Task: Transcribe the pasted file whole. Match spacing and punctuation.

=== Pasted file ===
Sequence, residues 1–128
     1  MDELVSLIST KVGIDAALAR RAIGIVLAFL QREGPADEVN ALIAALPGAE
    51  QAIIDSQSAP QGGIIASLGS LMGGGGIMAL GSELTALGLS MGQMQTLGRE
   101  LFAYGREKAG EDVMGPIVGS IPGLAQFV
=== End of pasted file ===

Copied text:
Sequence, residues 1–128
     1  MDELVSLIST KVGIDAALAR RAIGIVLAFL QREGPADEVN ALIAALPGAE
    51  QAIIDSQSAP QGGIIASLGS LMGGGGIMAL GSELTALGLS MGQMQTLGRE
   101  LFAYGREKAG EDVMGPIVGS IPGLAQFV